Switzerland sets new record for longest passenger train in the world

The sight of the world’s longest train passing through scenic valleys, mountains and tunnels in the Swiss Alps created a picturesque setting. The 1.93 kilometer long train, according to a report on smithsonianmag.com, set the record for the longest passenger train in the world.

The occasion was the 175th anniversary of the Rhaetian Railway – Switzerland’s first railway – which celebrated the occasion in style by setting this record. It also showcased the country’s impressive engineering feats.

There were 25 electric trains connected to each other forming this long locomotive while each of them had four cars making the total cars as 100.

The train traveled smoothly along the Albula line, which in 2008 was declared a UNESCO World Heritage Site. Running for an hour, he crossed some of the remarkable passes of the Swiss Alps. Writing about it, CNN’s Ben Jones said: “Combine that with a route with notoriously tight curves, steep inclines, 22 tunnels and 48 bridges over deep valleys and the challenges become apparent.”

It was at the beginning of the 20th century that the Albula line was completed and before that people traveled in sledges and horse-drawn carriages.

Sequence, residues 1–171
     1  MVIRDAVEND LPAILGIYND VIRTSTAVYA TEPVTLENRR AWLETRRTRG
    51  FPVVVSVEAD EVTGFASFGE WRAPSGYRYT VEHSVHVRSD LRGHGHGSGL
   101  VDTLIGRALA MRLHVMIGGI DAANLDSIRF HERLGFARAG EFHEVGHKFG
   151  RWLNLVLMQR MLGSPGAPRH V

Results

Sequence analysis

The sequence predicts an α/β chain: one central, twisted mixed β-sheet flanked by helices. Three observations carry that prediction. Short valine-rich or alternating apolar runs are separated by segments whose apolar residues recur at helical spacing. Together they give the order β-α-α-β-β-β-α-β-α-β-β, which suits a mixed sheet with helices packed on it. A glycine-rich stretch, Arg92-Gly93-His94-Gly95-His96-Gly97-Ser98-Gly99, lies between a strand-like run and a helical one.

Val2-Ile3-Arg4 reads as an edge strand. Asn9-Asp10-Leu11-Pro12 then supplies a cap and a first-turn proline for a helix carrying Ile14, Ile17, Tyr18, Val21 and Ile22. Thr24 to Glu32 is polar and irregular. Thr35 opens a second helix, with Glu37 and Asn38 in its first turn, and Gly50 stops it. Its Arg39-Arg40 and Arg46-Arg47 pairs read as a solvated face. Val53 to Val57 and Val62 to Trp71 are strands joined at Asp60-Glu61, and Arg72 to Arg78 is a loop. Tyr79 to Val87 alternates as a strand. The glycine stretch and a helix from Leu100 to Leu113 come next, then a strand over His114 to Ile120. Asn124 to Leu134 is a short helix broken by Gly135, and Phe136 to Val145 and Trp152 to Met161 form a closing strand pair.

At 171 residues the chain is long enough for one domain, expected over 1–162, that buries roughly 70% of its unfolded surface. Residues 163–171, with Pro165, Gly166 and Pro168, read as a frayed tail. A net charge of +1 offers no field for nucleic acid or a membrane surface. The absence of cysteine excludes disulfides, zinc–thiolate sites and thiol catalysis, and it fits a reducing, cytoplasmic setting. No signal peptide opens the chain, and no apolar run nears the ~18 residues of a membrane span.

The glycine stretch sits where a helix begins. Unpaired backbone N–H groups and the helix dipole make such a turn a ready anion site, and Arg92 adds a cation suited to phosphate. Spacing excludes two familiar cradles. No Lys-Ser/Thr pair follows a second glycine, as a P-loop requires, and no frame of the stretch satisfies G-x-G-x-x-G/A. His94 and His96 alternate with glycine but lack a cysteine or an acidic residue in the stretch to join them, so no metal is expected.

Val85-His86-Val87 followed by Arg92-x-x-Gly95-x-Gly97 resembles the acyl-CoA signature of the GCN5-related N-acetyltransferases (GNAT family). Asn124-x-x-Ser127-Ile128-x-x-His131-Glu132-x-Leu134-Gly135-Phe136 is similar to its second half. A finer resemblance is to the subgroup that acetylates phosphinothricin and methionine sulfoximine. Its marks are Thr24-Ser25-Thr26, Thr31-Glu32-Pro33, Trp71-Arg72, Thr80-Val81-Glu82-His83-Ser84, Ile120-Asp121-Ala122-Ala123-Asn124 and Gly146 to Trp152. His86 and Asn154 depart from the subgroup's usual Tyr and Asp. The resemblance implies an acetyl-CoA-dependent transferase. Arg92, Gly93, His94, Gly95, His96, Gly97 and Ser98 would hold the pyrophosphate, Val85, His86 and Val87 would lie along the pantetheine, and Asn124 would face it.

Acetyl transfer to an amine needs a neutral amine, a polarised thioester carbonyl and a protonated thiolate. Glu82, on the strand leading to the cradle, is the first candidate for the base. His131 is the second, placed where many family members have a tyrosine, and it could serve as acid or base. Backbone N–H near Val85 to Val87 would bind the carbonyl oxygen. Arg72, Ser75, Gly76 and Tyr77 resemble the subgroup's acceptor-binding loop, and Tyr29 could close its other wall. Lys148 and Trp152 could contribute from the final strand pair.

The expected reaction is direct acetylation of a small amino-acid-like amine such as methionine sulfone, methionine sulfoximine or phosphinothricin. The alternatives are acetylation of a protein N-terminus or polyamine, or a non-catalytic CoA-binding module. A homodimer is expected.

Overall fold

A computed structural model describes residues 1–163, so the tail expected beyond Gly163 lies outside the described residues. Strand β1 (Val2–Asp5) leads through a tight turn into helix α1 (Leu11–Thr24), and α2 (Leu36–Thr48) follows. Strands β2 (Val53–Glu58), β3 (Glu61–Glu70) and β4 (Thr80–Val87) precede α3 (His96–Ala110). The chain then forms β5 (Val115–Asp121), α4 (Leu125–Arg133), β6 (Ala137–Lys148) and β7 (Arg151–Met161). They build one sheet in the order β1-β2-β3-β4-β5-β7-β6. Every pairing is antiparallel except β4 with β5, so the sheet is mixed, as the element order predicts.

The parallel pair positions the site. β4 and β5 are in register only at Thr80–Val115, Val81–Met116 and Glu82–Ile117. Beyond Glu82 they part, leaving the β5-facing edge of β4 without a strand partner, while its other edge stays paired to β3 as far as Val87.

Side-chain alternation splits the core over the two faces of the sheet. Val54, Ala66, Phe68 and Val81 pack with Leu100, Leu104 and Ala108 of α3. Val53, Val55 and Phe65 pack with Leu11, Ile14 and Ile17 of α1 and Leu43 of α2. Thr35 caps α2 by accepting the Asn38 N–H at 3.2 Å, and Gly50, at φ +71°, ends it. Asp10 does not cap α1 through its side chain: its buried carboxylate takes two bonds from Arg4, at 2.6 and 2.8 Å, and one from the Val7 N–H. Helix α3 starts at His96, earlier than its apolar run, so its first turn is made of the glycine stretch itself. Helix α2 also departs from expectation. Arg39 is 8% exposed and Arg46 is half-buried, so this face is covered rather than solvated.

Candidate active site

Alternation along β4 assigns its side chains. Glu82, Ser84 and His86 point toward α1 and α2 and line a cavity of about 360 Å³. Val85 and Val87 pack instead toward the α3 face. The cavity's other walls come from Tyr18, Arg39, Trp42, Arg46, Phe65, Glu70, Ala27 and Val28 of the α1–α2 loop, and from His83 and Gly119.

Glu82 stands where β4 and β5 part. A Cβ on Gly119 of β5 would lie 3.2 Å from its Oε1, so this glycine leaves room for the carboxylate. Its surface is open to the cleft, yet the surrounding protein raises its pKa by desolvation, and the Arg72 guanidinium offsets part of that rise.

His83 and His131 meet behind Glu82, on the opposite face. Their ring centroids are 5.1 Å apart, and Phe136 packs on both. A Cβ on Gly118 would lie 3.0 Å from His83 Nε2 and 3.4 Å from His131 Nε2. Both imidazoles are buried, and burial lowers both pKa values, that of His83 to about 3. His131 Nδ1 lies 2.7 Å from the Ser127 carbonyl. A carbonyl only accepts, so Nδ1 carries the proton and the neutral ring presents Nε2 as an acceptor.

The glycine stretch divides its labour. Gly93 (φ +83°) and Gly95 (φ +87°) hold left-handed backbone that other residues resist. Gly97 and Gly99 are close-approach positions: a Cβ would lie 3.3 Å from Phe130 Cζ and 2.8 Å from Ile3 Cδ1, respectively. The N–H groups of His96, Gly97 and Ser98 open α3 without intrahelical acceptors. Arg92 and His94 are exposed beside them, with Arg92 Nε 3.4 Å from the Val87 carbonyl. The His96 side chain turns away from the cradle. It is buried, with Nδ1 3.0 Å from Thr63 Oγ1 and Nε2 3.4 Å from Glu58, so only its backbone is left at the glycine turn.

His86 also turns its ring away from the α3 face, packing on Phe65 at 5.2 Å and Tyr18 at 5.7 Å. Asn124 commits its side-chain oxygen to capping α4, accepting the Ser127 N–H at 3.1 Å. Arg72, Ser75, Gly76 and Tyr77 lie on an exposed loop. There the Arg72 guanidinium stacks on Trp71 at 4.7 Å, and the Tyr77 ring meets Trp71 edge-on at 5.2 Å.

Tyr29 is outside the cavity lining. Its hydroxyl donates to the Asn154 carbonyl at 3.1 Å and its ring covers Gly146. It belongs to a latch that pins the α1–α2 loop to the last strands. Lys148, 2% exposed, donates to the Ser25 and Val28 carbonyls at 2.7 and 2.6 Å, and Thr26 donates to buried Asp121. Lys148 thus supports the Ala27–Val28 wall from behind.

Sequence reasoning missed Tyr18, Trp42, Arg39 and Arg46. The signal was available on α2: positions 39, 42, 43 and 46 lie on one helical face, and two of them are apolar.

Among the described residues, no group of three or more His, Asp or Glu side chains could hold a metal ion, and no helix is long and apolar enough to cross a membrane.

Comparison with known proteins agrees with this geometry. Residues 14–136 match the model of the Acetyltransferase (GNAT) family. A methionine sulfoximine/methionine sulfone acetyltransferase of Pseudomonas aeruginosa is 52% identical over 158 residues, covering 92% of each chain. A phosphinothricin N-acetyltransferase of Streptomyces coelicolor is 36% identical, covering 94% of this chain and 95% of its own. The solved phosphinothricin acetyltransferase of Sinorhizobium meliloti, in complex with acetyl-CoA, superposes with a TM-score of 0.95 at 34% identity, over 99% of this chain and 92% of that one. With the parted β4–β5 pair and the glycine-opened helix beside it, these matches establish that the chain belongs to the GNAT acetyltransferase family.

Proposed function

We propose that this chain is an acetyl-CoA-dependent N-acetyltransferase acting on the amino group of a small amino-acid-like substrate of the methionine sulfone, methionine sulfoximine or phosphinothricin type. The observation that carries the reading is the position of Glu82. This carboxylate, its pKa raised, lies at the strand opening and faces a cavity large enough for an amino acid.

Along the route of this historic journey, train lovers and journalists lined up to click and report on its leisurely journey through the undulating curves. The company also held a live video stream at a festival held in the village of Bergun where 3,000 viewers gathered after paying for the ticket.

The world’s longest train passed through scenic valleys, mountains and tunnels in the Swiss Alps (Photo courtesy of Twitter/@MaduShan_MD)

It took months of preparation and hard work to ensure the trip was a success. Trials have been carried out, communication has been thoroughly checked and security features have been tested. The intercom system has been set up to ensure all seven drivers can stay in touch on the speed and incline of the route during the ride.

In a statement, Renato Fasciati, Director of the Railways said: “After intensive preparation, we are delighted to have reached this world record. Not only did we have a wonderful railway festival here in Bergün, but we were able to present ourselves worldwide as a fascinating and innovative mountain railway.

The first record for the longest passenger train was set in 1991 in Belgium by the Belgian National Railway Company. It had 70 cars and was 1.73 km long. It was a unique trip organized for the benefit of a Belgian cancer research charity.

Jose P. Rogers